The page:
A Woman on the Bus,” which we published in Issue #38, follows a somewhat different trajectory. The viewpoint character often sees a woman on a bus, but each time she is so differently described, we imagine that this can’t possibly be the same woman. She is dressed in varying costumes, she is pregnant perhaps by the bus driver, she is not pregnant, she is in pain, she is “quite composed,” she looks like she is dying, she looks “lovelier, more beautiful than ever,” and she even has some hard-to-define relationship with the narrator. It’s Thurber’s choice of detail that keeps us engaged, as in “The next time he saw her she wore plaid everything, except for her Buster Brown shoes. She was telling a man with a brown cap that she had released her equity, consolidated her assets, become bullish on America.” The ongoing litany of these sightings has a dreamlike quality that undermines our expectations yet again.

In “Crackers,” which appears in this collection and was in Issue #40 of The Cafe Irreal, the setting is old fashioned and evocative. The narrator lives in a rooming house with a main door at street level. People wedge the door open with a brick. The narrator lives on the third floor and says he was never bothered by people who came in off the street, attracted by that welcoming open door, “but one hot August night, while I was eating stale crackers and reading at two A.M. with my own door open, I was visited by a strange white-haired man in a rumpled sports jacket who claimed that he was from the future, my future, that he was in fact me.” This sounds like vintage Twilight Zone, but in such stories isn’t the visitor from the future, who is the future version of the narrator, supposed to give him warnings that make life easier or more livable or at least tell him what to expect? Not here. Thurber undermines our expectations of what we want to get from a Twilight-Zone-style tale and gives us something a little more philosophical that includes some advice for writers.

Also included in this volume is “Mister Fumble Bumble,” which appeared in Issue #43 and whose irreality flows from the way it undermines our expectations of a tale in which Death is personified.  And then there’s “Old Sharp Photo,” which appeared in Issue #45, and is a story which not only calls to mind vintage Twilight Zone because the setting is a “dilapidated rooming house for men only,” but also even cues the reader by describing “what makes it all feel like some bizarre lost episode of the Twilight Zone.” The narrator says that, although there is a phone in this rooming house, it’s just an old pay phone that isn’t in his name or associated with him, and yet his ex-wife manages to call the pay phone after a ten-year separation to tell him about a photo she found of the two of them from the time when they were together. This story, like “The Cat Who Waved,” is written in the second person and gives us the ex-wife’s somewhat breathless description of the photo:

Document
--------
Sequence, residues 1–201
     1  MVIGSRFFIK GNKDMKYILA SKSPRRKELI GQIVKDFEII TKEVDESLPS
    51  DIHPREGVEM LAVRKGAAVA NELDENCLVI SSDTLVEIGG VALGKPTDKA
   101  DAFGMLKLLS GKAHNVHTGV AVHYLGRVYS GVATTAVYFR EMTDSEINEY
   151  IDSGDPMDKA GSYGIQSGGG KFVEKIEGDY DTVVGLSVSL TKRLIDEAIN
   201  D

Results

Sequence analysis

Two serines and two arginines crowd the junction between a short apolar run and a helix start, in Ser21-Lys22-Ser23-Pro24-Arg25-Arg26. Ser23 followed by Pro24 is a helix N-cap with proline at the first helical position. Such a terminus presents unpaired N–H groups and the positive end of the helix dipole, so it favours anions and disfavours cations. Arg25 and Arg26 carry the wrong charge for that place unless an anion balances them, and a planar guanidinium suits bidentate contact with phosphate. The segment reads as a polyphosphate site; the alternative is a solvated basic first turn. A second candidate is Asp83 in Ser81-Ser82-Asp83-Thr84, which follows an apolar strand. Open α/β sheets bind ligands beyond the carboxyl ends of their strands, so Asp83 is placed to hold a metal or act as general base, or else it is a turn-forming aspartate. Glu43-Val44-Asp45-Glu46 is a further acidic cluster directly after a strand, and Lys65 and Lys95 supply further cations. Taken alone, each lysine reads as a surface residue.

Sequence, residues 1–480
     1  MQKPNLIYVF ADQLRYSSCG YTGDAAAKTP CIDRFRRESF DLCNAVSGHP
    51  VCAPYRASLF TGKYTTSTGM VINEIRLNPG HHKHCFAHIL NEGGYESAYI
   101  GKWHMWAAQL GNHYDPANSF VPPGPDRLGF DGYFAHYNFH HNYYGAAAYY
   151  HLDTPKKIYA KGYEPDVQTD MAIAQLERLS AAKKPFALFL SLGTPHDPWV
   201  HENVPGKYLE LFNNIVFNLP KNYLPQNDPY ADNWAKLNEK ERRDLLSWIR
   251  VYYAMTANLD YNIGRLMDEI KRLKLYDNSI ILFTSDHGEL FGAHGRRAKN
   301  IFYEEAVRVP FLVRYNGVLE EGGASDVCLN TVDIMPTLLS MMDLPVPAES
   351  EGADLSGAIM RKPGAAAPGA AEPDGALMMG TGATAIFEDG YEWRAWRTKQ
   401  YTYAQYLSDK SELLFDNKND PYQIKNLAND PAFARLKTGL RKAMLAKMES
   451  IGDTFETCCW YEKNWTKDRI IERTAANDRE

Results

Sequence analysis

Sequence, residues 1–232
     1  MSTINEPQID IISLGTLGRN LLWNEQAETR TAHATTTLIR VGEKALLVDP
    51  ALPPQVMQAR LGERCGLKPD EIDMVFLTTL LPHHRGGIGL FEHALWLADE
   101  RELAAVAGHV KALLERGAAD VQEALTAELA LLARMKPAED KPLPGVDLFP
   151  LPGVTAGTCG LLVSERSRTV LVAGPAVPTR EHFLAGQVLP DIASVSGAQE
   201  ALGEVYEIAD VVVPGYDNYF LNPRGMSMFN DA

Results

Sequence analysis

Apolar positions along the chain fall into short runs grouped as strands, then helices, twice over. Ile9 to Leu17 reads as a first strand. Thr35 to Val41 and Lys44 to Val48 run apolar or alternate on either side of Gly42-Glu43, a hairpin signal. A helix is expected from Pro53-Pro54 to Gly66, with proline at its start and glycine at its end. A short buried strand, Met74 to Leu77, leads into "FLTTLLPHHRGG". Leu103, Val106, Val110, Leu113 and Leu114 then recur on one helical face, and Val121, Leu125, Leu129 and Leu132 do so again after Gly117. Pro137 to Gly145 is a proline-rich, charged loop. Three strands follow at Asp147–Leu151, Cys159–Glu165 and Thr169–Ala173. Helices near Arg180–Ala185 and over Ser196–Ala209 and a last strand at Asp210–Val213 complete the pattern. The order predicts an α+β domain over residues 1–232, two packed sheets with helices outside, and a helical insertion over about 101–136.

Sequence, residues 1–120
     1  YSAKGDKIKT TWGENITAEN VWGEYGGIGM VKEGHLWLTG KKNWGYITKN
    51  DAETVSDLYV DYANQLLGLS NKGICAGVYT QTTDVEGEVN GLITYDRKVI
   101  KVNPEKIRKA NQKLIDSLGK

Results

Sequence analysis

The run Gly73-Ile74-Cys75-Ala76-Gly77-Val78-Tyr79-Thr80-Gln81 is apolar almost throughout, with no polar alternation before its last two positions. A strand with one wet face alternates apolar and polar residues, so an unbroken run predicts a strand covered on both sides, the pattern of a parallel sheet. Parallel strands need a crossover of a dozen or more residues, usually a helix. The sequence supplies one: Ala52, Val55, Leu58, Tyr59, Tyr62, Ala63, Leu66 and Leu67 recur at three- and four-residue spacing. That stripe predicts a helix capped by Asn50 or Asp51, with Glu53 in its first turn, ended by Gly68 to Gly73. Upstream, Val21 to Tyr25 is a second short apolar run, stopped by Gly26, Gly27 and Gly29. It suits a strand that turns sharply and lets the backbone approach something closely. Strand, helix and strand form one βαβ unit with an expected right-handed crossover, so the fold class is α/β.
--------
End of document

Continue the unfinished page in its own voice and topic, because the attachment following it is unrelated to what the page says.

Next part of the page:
“She says, listen, yesterday I was cleaning out a closet and found a box full of useless junk and at the bottom of the box was a picture, a snapshot, a black and white, no frame, just an eight by ten glossy with the two of us in our pajamas sitting across from each other eating breakfast, though I suppose it could be lunch or dinner, you can’t see what’s on our plates, but it’s a really nice shot, focused, very sharp, plenty of natural light, probably because in those days we didn’t have any curtains, we couldn’t afford curtains, remember, so you can see our faces, half our faces, good and sharp like a couple of statues in perfect profile, excellent detail, as I say black and white but with all the shades of gray, and we look so young and pretty, goddamned happy the two of us, though in an odd pretty hard to describe way, neither of us is really smiling…”

The photo that accompanies this story about a photo shows the rotary dial and coin slots of a very old pay phone, but that’s OK because the irreal nature of this story comes not from the Twilight-Zone wonderment of how someone could be calling on a pay phone after all these years and get her ex-husband, but the emphasis that the story isn’t really about weirdness but about that combination of poignancy and cynicism that Thurber evokes so effectively and which in this case undermines our Twilight-Zone expectations.

There are a few other non-realistic offerings in this volume, but most of the rest of the stories in Nothing But Trouble are what we might call naturalistic or realistic stories. Thurber turns his steady and unflinching gaze on failed or failing relationships between parent and child or between domestic partners, and again and again he views poignant situations with a cynical and distanced eye. In “My Daily Bread” a father tells his son he’s just “nailed” the babysitter that the son once had a crush on. In “Portrait of a Virtuous Woman” a wife threatens to cut her hair short in order to keep her physically disabled husband in line. In “Cryptogram” all the members of a family try to help a dying man communicate, but as the title suggests this isn’t entirely successful. In Nothing But Trouble the stories and the photos give us that “powerful sense of stillness and focus” Christine Brooks Cote describes because they help us see what we might easily have missed – either because it was too painful to look at or because we didn’t even know it was there.

You can buy Nothing but Trouble at Shanti Arts or at Amazon. For more of Vincent Carrella’s work, go to